Messaging as a Service: Bridging the Gap Between your Online and Offline Life

The smartphone experience is outgrowing apps. In fact, it’s outgrowing smartphones.

Article co-written by Matt Hall and Justin Clegg

This is what consumers look like in 2017:

Photo by Justin Clegg in San Francisco, California

The challenge is connecting our online and offline selves outside of the app ecosystem. Sure, we’re now seeing better app integration throughout the smartphone OS. But ultimately, many experiences don’t extend from the screen to real life.

We’ve seen a few attempts at bridging the online and offline gap — wearables, for one — and few have seemed to stick. (The jury is still out on voice).

We think this is because many of those attempts are trying to build additional ecosystems rather than taking advantage of existing ways to interact.

So what’s the next step to improve technology usage? Is it to integrate apps throughout the OS, making them more complicated for developers and users alike? What about when we move from smartphones to the next hardware platform (which may or may not be wearables)?

Or, is tech’s next step sidestepping the app ecosystem entirely, delivering experiences in a way we’re already accustomed to using?

(Spoiler alert: we think it’s this in the form of messaging.)

Why Messaging is the Next Evolution of Tech

Here are some stats:

We believe the next evolution of our digital lives isn’t a new platform, but a better way to weave tech throughout our lives. Consider this: every cell phone supports messaging. Even wearables like smartwatches allow messaging.

By focusing on a messaging-based technology experience, we’re enhancing our users’ lives without adding unnecessary barriers to adoption.

Thanks to better cloud-based computing, the tech already exists for this next step. Intelligent chatbots can deliver useful help through messaging and texting. Plus, the interface for this tech is built into every phone — from the latest premium smartphone to that brick phone your dad still uses. This is especially important to reach communities without access to expensive new tech.

We think The Hustle said it well:

Heck, the most-discussed phone at last week’s Mobile World Congress was this “revived” Nokia model that looks like the phone my sister got for Christmas in 2000 — right alongside her Razor scooter and Savage Garden CD.

(As RCS begins to roll out, the quality of messaging is going to improve, too.)

Using messaging as a UI is much more intuitive than learning a new app. Almost all of us use messaging and are familiar with how it works — no explanation needed, no password needed.

Sure, there will be some prompts for specific language in chat (such as asking for yes/no answers). But it’s still more intuitive and consistent than the broad ecosystem of apps we’re currently using.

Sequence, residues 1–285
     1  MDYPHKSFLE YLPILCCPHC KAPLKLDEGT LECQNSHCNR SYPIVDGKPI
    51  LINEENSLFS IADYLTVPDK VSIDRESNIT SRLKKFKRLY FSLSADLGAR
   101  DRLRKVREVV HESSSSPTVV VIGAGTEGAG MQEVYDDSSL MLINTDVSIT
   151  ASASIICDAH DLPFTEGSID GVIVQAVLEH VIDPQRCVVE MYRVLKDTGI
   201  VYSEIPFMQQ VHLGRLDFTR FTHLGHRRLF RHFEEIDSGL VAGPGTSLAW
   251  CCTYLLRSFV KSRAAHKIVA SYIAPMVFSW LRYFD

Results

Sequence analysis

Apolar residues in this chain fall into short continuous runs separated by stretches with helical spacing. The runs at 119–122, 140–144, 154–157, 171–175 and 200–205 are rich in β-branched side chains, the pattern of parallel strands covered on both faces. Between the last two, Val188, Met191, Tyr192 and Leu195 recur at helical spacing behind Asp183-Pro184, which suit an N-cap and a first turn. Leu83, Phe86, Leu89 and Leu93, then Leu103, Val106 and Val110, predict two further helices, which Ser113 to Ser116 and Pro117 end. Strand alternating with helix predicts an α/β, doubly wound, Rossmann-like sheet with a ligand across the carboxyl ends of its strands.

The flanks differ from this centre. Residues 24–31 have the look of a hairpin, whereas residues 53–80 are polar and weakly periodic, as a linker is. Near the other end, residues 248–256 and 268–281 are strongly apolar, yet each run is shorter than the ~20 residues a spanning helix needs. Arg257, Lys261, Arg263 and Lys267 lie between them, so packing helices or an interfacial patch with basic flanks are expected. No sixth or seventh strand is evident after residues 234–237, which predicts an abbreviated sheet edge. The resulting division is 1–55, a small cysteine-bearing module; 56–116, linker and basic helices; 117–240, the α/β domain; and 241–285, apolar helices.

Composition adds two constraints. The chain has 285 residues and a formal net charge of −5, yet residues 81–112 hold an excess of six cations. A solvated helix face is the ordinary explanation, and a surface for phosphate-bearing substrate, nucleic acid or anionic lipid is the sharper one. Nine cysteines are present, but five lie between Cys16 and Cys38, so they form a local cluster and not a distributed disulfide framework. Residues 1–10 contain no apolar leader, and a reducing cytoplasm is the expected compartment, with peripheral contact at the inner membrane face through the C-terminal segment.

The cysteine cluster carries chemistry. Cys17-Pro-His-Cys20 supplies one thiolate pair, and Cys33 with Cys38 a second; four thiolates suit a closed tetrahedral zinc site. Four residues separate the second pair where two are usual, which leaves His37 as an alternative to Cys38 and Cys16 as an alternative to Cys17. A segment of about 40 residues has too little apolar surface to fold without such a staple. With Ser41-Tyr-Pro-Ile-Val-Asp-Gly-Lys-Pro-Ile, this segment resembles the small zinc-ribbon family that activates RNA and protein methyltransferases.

Finally, intelligent messaging scales to a virtually unlimited number of users. If we need more computing, we simply expand through cloud solutions. (Just look at how messaging will add 1.1 Billion new users by 2018 thanks to Whatsapp and others.)

Why a startup lab is perfect to explore this new tech

We want to explore building things people want. By choosing the startup lab model, rather than waiting for funding or someone else to pick us, we’re able to achieve this. We can quickly develop MVPs, giving users more options and value while keeping costs at a minimum.

Through this model, we can focus on new user experiences, constantly filtering ideas until we find the ones that are practical. We can choose which feature implementation we pursue with the revolutionary, long-term growth we believe this startup structure enables. We’re challenging the organizational design of the traditional startup model, and for good reason:

This is not about new technology. It’s about taking existing technology and creating new experiences with it. With the freedom and flexibility of a startup lab, we can achieve this.

Here’s a sneak peek of some of the use cases we’re working on

  • A smart digital assistant like Siri or OK Google, but through messaging (and thus compatible with every device!). Through unified API integrations, our digital assistant has the potential to learn billions of facts and answers, ultimately replacing the need for a Google search.
  • A powerful food recommendation expert. This includes grocery, food, dietary and recipe recommendations and access to local restaurant deals. Why browse Yelp when you can send a quick message and get an even quicker recommendation you love?
  • Language learning: providing access to language experts and real time translation
  • Car help such as asking car questions, renewing your DMV registration, understanding what kind of oil your vehicle uses and more right through SMS
  • The ability to control your smart home through messaging
  • Your own AI personal trainer sending support and motivation through text

And many more.

We’re thrilled to see how we can use messaging as a platform to converge our online and offline lives.

Join us on our journey.

You can sign up for our waitlist and get a sneak preview of our messaging platform right now by visiting our website. Just enter a phone number and see the future for yourself. (Just remember — it’s still a work in progress!)

And if this is the kind of work you’d like to support as an engineer, investor, or enthusiast, drop us a line. We’re always looking to connect with great people.

Square One Labs is a startup studio powering and automating better messaging experiences. We’re building technology messaging services that help you bridge the gap between your online and offline life.

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